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STAART Network Centers: University of California, Los Angeles (UCLA)

Project Descriptions

Social and Language Deficits in Autism - Biology and Treatment

 

Primary Site: University of California, Los Angeles (UCLA)
Marian Sigman, Ph.D., Director
Daniel Geschwind, M.D., Ph.D., Co-director

 

Infants at Risk of Autism: A Longitudinal Study
Principle Investigator: Sigman; site: UCLA

A long-term goal of our research is to understand the earliest features of autism, leading to the design of early diagnostic measures and potential targets for early treatment. Autism is rarely diagnosed before the third year of life, yet retrospective video studies of infants later diagnosed with autism indicate that symptoms are often present by the first birthday. Earlier identification and treatment require greater knowledge of the developmental trajectory of children at risk for autism. A main goal of this study is to define this trajectory, via a longitudinal study across the age span from 6 to 42 months. This application is linked to a project submitted as part of a STAART Center by UCLA. Across the two sites (UC Davis & UCLA), the study will contrast the early development of children at risk for autism, infant siblings of children with autism (n = 180), with two other groups of infants at less risk, those with older siblings with developmental delays (n = 90), and those with older typically developing siblings (n = 90). Due to the strong genetic influence in autism and based on previous studies, we expect that 3 to 6% of the infant siblings of children with autism will develop autism in the first three years of life. An additional 15 to 35% of them will develop the broader autism phenotype, consisting of features that are milder but qualitatively similar to autism. Past research on the broader phenotype has focused on older children and adults; symptoms in early childhood have not been studied. New data from an ongoing multinational pilot study of infant siblings (Principal Investigator: Marian Sigman,) demonstrate significant group differences in verbal and nonverbal communication. Given these and other data, the second main goal of this study is to define the developing broader autism phenotype across infancy and early childhood.

Specific aims:

  1. To compare the developmental course from 6 to 42 months of age of the three groups of infants, examining both social and communicative characteristics known to be associated with autism and the precursors of these characteristics
  2. To identify siblings who develop either the full syndrome of autism, or the broader autism phenotype, in the preschool period
  3. To examine relations between measures of facial, emotional, and linguistic perception and social and communicative interaction at 6 and 18 months with later development of autism or the broader phenotype.

Speech and Language Loci in Autism
Principal Investigator: Geschwind; site: UCLA

Genetic factors contribute significantly to autism susceptibility, but the heterogeneity of autism and autism spectrum disorders poses a challenge for genetic studies. Research from several groups suggests that studying cognitive or behavioral components of autism, or endophenotypes may aid in identification of more homogeneous subgroups and hasten the identification of genetic loci underlying this condition. We hypothesize that speech and language related endophenotypes may underlie several of the suggestive or probable autism linkage peaks. To uncover the extent to which speech and language related endophenotypes contribute to autism susceptibility loci, data and subjects from two ongoing projects, including Project I in this center proposal, will be used to identify and narrow language-related QTLs to a region small enough to permit a large scale gene by gene search. Our ongoing work in the AGRE resource has identified several autism peaks at the level of possible or probable linkage. In addition, we have identified one major and several minor linkage peaks related to speech and language delay in autistic siblings in this large autism cohort (AGRE). Parents and unaffected siblings in this sample have already been genotyped and, thus, have the potential to add power to the analysis without the requirement for additional genotyping. Therefore, we propose to evaluate parents and non-autistic sibs for a history of speech delay using an efficient questionnaire methodology in at least 330 AGRE families, bringing the number of sib pairs available for analysis to 690. QTL methodologies will be used to identify loci in the entire sample, as well as a subgroup of families stratified according to a parental history of developmental language-related problems. Independent confirmation of the speech and language related loci identified in AGRE will be assessed using the prospectively collected cohort of 180 infant-sib/autistic child pairs studied for language and social communication development in Project I. This provides the advantage of testing the language-related loci in an independent sample that is prospectively studied for receptive and expressive language and speech assessment, rather than depending entirely on retrospectively collected historical data. In addition, the availability of data on both receptive and expressive language will allow preliminary refinement of the language phenotype underlying these loci. Multivariate analysis will be used to explore the relationships among social communication, language, and outcomes of the children in Project I, and to explore the extent to which identified genetic loci have pleiotropic effects. Candidate genes within narrow linkage regions will be tested for association using SNP genotyping and family based association methods.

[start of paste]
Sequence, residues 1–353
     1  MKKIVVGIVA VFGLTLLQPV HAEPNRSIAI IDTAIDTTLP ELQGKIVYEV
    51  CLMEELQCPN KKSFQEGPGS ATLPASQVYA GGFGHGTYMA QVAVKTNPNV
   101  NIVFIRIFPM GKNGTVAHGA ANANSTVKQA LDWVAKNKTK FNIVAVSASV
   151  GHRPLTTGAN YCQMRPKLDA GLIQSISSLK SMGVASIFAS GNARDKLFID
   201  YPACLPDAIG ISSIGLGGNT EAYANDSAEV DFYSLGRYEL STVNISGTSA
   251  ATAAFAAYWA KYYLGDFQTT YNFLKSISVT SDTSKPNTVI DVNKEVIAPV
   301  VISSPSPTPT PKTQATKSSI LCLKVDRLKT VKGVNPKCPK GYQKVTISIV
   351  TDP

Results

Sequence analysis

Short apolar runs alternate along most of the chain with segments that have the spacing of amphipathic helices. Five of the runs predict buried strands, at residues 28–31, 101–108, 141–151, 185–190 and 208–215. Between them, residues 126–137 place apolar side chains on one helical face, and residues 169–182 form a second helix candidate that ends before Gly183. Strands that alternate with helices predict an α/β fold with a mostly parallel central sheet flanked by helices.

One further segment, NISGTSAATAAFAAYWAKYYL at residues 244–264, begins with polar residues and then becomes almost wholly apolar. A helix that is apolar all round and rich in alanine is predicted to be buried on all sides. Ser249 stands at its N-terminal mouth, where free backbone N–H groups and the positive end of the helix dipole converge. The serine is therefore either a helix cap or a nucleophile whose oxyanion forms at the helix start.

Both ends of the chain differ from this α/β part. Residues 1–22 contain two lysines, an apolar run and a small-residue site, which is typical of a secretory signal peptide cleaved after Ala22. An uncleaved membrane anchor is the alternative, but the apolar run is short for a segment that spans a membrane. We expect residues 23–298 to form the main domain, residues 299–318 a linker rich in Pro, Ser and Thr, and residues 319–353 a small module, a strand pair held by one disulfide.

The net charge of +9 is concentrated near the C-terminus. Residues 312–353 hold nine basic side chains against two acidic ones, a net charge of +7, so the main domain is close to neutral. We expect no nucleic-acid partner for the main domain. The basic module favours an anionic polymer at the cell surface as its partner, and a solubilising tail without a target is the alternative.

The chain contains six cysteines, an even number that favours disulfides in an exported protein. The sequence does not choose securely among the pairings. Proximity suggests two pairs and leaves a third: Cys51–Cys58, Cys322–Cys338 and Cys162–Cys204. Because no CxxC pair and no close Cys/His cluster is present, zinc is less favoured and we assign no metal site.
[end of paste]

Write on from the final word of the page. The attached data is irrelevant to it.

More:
Specific Aims: